The future of Covid is uncertain, but I do think it’s possible that the partisan gap in Covid deaths reached its peak last month. There are two main reasons to expect the gap may soon shrink.
One, the new antiviral treatments from Pfizer and Merck seem likely to reduce Covid deaths everywhere, and especially in the places where they are most common. These treatments, along with the vaccines, may eventually turn this coronavirus into just another manageable virus.
Two, red America has probably built up more natural immunity to Covid — from prior infections — than blue America, because the hostility to vaccination and social distancing has caused the virus to spread more widely. A buildup in natural immunity may be one reason that the partisan gap in new Covid cases has shrunk recently.
Death trends tend to lag case trends by a few weeks, which suggests the gap in deaths will shrink in November.
Still, nobody knows what will happen next. Much of the recent decline in caseloads is mysterious, which means it may not last. And the immunity from vaccination appears to be much stronger than the immunity from infection, which means that conservative Americans will probably continue to suffer an outsized amount of unnecessary illness and death.
More on the virus:
Starting today, international travelers may enter the U.S. with proof of vaccination and a negative Covid test.
Housing advocates expected an eviction crisis to hit the U.S. like a tsunami. Instead, it is unfolding slowly, especially in places with few tenant protections.
Romania, where religious figures have pushed anti-vaccine disinformation, has the world’s highest Covid death rate.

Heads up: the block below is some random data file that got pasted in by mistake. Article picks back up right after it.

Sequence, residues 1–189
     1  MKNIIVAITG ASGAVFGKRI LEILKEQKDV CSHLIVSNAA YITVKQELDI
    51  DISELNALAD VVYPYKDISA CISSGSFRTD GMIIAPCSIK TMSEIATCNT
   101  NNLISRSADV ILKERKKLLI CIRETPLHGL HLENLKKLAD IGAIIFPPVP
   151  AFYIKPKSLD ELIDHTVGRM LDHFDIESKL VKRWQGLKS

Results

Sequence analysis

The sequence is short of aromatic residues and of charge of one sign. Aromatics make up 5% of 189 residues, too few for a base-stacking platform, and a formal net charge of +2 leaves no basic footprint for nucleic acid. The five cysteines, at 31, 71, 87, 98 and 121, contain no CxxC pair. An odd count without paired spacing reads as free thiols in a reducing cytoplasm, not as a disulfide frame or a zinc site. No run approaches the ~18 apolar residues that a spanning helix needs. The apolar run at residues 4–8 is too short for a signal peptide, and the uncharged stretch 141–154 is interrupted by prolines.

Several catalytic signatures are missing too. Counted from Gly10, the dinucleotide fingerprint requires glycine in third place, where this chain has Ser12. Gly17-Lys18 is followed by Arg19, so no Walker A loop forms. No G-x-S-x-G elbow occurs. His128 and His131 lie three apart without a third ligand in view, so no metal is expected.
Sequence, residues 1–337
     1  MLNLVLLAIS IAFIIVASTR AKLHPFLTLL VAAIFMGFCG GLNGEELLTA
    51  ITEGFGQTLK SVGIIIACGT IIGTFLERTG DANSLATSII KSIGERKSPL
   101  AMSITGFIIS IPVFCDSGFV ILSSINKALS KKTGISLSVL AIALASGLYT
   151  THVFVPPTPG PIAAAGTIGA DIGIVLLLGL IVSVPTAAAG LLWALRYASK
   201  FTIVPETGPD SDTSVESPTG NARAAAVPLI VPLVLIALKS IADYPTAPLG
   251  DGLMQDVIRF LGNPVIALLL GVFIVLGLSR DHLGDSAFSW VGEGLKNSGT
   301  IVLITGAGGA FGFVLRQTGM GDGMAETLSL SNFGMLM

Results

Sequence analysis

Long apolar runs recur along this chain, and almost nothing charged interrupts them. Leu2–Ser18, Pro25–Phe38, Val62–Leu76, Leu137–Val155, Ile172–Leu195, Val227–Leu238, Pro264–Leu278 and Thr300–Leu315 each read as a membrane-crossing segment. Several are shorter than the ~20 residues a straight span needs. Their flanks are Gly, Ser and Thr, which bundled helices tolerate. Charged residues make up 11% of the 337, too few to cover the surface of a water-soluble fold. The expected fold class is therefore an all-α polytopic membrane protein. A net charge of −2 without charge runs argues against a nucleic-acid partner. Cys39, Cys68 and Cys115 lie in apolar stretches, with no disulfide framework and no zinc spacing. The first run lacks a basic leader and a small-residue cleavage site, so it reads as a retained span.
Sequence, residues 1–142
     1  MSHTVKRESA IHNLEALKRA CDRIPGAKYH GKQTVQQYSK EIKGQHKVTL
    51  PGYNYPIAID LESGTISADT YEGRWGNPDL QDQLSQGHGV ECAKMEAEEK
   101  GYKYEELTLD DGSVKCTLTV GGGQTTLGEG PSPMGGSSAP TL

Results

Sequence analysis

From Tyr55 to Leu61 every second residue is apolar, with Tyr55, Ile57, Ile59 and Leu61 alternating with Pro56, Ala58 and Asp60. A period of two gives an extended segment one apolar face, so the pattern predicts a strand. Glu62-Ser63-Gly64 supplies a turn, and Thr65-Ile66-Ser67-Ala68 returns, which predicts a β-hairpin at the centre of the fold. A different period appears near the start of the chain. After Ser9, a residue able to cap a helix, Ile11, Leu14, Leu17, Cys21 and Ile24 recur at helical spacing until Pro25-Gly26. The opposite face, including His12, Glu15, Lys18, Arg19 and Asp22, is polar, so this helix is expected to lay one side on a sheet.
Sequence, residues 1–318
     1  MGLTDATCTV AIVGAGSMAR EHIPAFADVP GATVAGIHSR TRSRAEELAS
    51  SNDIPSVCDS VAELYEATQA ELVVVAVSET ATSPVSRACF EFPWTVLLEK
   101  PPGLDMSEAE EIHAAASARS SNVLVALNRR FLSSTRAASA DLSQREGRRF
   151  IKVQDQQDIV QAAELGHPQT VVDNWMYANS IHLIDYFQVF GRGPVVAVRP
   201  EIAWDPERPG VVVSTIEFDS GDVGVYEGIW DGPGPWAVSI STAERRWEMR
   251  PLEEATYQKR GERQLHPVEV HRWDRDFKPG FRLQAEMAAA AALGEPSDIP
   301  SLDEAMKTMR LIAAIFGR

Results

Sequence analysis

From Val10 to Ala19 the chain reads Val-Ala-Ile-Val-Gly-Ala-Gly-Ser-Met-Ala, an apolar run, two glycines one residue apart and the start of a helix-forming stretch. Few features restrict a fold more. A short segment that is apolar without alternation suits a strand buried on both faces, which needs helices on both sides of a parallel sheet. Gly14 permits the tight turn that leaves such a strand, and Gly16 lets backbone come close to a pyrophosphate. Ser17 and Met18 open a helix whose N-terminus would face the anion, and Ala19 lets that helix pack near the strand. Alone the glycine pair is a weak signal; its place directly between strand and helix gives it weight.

After a woman died with long Covid, her family feared her organs were unsafe to donate. It points to gaps in protocols for organ donation in the pandemic.
Covid is worse for men on average than for women, and vaccination rates don’t explain the difference. What could?
Marian Anderson etched her place in American history when she performed on the steps of the Lincoln Memorial in 1939. A new box set of her recordings, stretching from 1924 to 1966, offers a view of her career beyond her most well-known performance, Anthony Tommasini writes in The Times.
The Lincoln Memorial concert was an important moment for civil rights. After the Daughters of the American Revolution had barred Anderson from performing at Constitution Hall because she was Black, federal officials offered her the new venue. In her contralto — the lowest range for a female voice — she sang to a crowd of 75,000 people, and millions more over the radio.
Anderson performed across Europe, earning adoration from crowds — and from the famed conductor Arturo Toscanini, who said she possessed a voice heard “once in a hundred years.” After returning to the U.S., her recordings and tours made her wealthy, though segregation forced her to live as a second-class citizen.
In The New Yorker, Alex Ross highlights a standout track from the new collection: the Easter hymn “Crucifixion,” which in 1935 left an audience in Salzburg in “a silence instinctive, natural and intense, so that you were afraid to breathe.”— Claire Moses, a Morning writer
The pangram from Friday’s Spelling Bee was excavated. Here is today’s puzzle — or you can play online.